She is radical in her political views and an early feminist. She admires Alexander von Humboldt’s work and wants to follow into Mr Humboldt’s footsteps by travelling to the Amazon region. Her interest in the ancient Mithras Cult directs her attention to the Ottoman Empire and Italy, and she would like very much to travel via Persia to the Mughal Empire.

Apply it to your novel

When you develop eccentricities or other characteristics for your heroine, let yourself be inspired by history and any experience you have made yourself. Don’t be afraid you might be too colourful. A heroine should be a strong character in order to captivate not only the hero, but also the reader.

III. Making a fortune

To complete the background of my character, I needed to explain what had happened in Mrs. Thane’s past and especially – as it is the leitmotiv for the ball – how she became fabulously rich, so she could indulge even in her most extraordinary travel plans. A character’s history is a wonderful playground for the author.

I have decided that Mrs Thane’s fortune is based on two sources:

1. Her father, fifth son of an esquire, made his way in the army. He was an able commander and general, who made his fortune in the many wars he fought. He took part at the battle of Seringapatam under Colonel Arthur Wellesley. He brought diamonds with him from India. They became the famous Thane Diamonds that Mrs Thane wears around her neck whenever she is attending a ball.

This sounds realistic, doesn’t it? Well, it should, because to create the General’s biography, I let myself be inspired by the lives of Sir David Baird (1757 –1829) and George Harris (1746 –1829).

The Thane Diamonds needed some research, too, as I had no idea where diamonds came from in the 18th century. It turned out that India was the main supplier, with Brazil being hard on its heels since the discovery of several mines in the first half of the 18th century.

Apply it to your novel

Keep in mind that inspiration is often a question of knowing history or good access to Google and Wikipedia.

2. The second source of Mrs Thane’s fortune was a rich husband: John Thane. His name is John, because this is the only male name I would remember when playing her role at a ball. John Thane made a great career at the East-Indian Company; he even rose to serve as a Director of the Company later in life. He was intelligent, efficient and reliable. Anna’s father, the General met him during one of his trips to another battle field. He liked the serious-minded young man and furthered John’s acquaintanceship with his daughter Anna.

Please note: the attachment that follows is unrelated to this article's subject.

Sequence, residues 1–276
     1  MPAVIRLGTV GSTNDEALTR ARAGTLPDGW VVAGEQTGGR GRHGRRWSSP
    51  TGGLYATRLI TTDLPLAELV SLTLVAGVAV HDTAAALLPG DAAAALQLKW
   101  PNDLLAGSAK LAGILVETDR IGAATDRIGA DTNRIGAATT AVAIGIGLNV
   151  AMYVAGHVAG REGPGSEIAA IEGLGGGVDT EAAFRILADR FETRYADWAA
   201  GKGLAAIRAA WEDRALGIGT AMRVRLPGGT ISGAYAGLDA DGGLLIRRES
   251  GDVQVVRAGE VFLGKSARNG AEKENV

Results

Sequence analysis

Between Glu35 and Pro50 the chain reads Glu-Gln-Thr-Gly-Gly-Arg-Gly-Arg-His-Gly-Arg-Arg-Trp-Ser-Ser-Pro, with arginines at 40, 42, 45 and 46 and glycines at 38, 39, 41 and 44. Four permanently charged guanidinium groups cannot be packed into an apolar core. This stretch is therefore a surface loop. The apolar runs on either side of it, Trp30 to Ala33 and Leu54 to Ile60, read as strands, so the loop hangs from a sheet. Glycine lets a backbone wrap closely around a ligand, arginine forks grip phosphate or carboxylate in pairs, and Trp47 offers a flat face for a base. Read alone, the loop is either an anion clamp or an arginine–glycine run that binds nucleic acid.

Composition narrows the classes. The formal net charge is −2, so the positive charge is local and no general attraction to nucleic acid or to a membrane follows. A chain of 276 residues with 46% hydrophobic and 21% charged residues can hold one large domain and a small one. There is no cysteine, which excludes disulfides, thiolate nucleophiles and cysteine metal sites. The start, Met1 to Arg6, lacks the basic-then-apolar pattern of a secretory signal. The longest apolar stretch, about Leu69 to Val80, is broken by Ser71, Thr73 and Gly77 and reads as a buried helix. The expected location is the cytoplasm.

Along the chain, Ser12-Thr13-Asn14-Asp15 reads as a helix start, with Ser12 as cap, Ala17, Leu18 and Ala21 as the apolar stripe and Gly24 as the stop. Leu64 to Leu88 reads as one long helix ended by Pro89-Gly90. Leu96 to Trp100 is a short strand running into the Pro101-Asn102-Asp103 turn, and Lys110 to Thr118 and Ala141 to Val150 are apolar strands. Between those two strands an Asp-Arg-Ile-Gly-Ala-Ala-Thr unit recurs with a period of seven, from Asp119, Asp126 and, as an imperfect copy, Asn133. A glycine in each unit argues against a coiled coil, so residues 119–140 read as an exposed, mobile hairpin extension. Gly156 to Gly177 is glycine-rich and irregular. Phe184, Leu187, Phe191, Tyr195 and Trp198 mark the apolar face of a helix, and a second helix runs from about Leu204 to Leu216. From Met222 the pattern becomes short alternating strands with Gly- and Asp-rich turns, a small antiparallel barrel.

Anna liked John Thane quite well, and as she was fond of travelling, she believed it to be a good idea to marry a man of the East-Indian Company. She already pictured herself sailing to the Mughal Empire at his side. Little did she know that John Thane hated adventures, travelling and spending money on studies of ancient cultures. As he always became sea-sick even when driving in a carriage, John took his new role as a husband as an excuse to never set foot on a ship again.

He passed away unexpectedly from a chill that had turned into an inflammation of the lungs. He left his wife and a huge fortune. Mrs Thane bemoaned his death as was proper – and then set out to fulfil her dreams of travelling.

For John Thane, I read about the East-Indian Company and found out how typical careers at the Company looked like. I painted John as being a bit boring, but with a good heart. He would never have made his fortune in the West Indies (meaning sugar plantations and slavery). This, too, endeared him to Mrs. Thane.

Apply it to your novel

Developing a character basically means to answer questions about his or her background. Write down what you want to know about the character, as you would do if you were a private investigator trying to find out as much as possible about a suspect. You can also interview your character as described here. To answer all questions, some historical knowledge is useful, but it can be substituted by using Google or Wikipedia.

“Making up” does not only mean using your imagination. It means using tools such as books or the internet – and even your personal experiences.

4 thoughts on “How to develop a character

  1. Anna, I also use a dice-guided path for deciding crimes if I need a short story in a hurry to fill up a book of stories that wrote themselves… I might adapt it for Regency mishaps and post on my blog, and make a decision path for major characters…

    • Splendid idea! It reminds me of my Story Generator on this blog. Incorporating chance into the creative process and regarding it as a (strategy) board game works really well, doesn’t it?

  2. For secondary characters I have a 10×10 table in which are 100 basic character traits. Using 2x 10-sided dice I roll 3 traits, and then see how to reconcile them to each other, and build on that skeleton for the character… writing main characters is never hard, I just make them up…. in much the same sort of way, regarding the sort of hero and heroine I want. Sometimes in the course of writing they decide to surprise me with something I didn’t know about them, but that’s not a problem. Secondary characters are always more feisty and almost always surprise me with things about themselves. And sometimes they barge in and demand to exist without me having planned them at all.